How to add theme support for the Title tag

WordPress ships with a ton of theme features and these theme features save a lot of time for the theme developers. 

Just like any other application software, WordPress doesn’t enable all the theme features because that could affect the performance of our WordPress website. This is because a WordPress theme decides what should get displayed on each webpage of our website. So, It is totally in our control as the theme developers to enable and support these features by utilizing them in our themes to make it easy for us and the client.

Also, the theme features we need to utilize varies from project to project. 

For example, ‘custom-logo’ is a theme feature we might want to support. This feature allows the client to upload a custom logo with ease and as theme developers, we can easily pull the URL of the client uploaded logo inside our theme’s template file and display it to the frontend users via the <img> tag.

But a recent client of mine did not want to utilize an image logo at all. Since SVG is the new trend, He wanted to use an SVG logo instead of a png version. But WordPress doesn’t allow us to upload the SVG file because of security concerns. So I did not enable ‘custom-logo’ theme feature at all. Instead, I manually put the SVG inline inside the header.php file.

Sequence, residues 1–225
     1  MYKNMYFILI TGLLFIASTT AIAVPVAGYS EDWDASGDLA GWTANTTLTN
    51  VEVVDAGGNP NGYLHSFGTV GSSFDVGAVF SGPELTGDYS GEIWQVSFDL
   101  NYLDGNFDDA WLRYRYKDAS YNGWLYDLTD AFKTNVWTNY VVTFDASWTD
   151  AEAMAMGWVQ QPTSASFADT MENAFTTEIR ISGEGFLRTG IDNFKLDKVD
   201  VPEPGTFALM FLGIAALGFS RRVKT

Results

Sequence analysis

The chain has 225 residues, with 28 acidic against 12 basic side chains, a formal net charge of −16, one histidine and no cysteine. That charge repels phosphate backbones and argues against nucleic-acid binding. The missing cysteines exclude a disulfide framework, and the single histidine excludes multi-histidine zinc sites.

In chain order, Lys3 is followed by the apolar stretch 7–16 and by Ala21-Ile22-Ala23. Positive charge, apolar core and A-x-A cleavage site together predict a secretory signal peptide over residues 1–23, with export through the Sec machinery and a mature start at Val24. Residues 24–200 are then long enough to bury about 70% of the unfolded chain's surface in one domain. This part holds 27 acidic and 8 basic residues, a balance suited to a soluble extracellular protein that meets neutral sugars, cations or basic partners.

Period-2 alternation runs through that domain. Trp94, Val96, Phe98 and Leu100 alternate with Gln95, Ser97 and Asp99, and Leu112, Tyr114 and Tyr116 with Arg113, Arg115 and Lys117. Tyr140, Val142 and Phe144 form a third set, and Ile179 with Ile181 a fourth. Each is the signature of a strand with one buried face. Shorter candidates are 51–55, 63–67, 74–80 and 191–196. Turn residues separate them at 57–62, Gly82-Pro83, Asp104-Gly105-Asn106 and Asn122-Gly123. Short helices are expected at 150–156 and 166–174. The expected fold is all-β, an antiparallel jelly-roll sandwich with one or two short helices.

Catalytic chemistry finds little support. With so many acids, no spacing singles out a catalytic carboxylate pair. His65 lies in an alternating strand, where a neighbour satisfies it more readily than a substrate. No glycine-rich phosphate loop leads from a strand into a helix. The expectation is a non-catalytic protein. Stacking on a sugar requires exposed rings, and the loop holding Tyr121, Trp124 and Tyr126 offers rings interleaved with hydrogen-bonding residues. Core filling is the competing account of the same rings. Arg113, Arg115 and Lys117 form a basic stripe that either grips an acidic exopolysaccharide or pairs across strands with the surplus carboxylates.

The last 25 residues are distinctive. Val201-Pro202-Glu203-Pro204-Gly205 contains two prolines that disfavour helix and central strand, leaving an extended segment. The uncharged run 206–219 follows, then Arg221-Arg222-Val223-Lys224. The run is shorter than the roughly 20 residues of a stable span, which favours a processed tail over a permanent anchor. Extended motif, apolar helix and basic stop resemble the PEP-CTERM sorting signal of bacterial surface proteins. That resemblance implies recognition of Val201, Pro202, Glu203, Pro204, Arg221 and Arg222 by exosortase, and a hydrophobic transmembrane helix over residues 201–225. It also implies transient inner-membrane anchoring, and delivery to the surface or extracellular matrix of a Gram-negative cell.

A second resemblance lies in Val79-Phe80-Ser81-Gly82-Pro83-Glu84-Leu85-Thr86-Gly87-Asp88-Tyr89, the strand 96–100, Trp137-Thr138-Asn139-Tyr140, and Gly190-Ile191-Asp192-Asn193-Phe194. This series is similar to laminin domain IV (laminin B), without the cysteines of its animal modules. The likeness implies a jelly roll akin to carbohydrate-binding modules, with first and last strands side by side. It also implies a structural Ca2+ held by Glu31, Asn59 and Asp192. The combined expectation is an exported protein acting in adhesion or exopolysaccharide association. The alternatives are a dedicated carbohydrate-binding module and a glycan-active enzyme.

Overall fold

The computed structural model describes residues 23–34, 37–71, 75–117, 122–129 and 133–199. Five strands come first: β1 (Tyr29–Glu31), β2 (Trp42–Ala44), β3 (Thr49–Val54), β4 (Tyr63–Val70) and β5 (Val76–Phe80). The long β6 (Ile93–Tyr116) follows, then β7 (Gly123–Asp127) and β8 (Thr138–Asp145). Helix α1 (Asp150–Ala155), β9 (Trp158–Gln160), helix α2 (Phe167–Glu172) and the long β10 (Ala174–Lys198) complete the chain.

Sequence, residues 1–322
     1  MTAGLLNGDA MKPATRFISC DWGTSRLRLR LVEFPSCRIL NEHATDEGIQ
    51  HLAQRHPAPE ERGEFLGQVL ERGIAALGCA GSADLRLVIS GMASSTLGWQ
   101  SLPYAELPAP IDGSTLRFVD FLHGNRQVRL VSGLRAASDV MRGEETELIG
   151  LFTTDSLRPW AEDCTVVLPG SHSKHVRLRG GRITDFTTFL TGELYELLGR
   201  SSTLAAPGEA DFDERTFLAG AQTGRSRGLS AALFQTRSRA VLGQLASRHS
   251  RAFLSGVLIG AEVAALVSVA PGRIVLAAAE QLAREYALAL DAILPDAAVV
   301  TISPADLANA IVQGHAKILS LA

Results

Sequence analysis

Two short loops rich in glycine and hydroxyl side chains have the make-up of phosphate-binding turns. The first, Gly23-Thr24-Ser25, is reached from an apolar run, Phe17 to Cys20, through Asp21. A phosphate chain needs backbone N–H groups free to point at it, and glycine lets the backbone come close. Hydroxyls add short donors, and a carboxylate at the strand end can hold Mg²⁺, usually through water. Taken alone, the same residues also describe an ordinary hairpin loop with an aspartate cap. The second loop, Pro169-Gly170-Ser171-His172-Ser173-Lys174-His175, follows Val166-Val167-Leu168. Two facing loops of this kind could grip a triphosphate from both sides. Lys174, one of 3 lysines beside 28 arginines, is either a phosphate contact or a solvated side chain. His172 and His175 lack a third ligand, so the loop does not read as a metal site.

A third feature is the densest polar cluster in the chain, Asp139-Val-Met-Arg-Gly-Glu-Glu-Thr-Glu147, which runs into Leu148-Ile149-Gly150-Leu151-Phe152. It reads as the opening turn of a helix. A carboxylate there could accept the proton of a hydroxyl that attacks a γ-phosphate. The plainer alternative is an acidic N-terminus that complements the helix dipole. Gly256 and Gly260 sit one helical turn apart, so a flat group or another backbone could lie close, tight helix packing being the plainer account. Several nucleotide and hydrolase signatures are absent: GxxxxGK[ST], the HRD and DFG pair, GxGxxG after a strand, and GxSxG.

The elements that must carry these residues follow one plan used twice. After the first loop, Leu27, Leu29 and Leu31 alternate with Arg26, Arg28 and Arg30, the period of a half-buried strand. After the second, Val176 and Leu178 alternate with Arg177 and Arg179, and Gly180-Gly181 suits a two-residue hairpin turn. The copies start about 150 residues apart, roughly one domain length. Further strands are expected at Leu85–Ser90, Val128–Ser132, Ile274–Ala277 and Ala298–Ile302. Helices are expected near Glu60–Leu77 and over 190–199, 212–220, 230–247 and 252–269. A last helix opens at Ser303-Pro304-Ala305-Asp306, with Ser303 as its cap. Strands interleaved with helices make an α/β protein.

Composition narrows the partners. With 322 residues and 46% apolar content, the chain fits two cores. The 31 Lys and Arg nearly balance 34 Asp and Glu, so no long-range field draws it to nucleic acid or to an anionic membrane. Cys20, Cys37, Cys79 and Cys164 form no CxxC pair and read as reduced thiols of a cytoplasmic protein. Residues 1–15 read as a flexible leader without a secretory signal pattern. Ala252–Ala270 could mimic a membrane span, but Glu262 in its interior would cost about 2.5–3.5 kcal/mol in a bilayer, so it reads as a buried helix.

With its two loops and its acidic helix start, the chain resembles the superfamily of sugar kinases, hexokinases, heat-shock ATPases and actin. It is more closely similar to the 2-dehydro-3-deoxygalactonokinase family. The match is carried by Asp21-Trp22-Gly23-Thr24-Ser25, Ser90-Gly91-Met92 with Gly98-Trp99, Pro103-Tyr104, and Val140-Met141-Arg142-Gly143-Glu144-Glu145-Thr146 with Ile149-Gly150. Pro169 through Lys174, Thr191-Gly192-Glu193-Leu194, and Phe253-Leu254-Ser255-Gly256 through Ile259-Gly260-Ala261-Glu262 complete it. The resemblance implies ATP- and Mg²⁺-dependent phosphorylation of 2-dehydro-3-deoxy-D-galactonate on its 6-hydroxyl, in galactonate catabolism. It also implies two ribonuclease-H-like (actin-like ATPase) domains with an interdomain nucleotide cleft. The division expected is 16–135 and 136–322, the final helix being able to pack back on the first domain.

The <title> Tag is a theme feature too

WordPress site is not a Static HTML/CSS site. We cannot manually put the <title> tag for every webpage. 

Although WordPress is capable of generating the <title> tag automatically from a page/post title, it prefers not to do it. And it leaves the <title> tag generation to us as the theme developers.

Previously, we used to call wp_title() function inside the <head> element of the header.php file, for example:



<title><?php wp_title( '|', true, 'right' ); ?></title>


This function dynamically generates the <title> tag based on the page/post title. I really love this WordPress function.

But since WordPress version 4.1, WordPress made it a theme feature. And there got to be a big reason for this change but I never really bothered to know why. Probably because of the conflict between the plugins and the themes.

Anyway, the document title is a keystone for the site’s SEO success. And no client never ever said to ignore SEO. Also, If you notice the browser tab, there is this ugly URL instead of the site name followed by the page name.

So, let’s fix this by enabling the ‘title-tag’ theme feature.

Introducing the add_theme_support() WordPress function

The add_theme_support() function allows you to enable the use of a theme-feature inside your theme. 

It accepts two parameters.


add_theme_support( $feature, $arguments );

The $feature parameter

With this parameter, you are telling the WordPress that “Hey! I want my theme to support this particular feature”


add_theme_support( 'title-tag', $arguments );

The $arguments parameter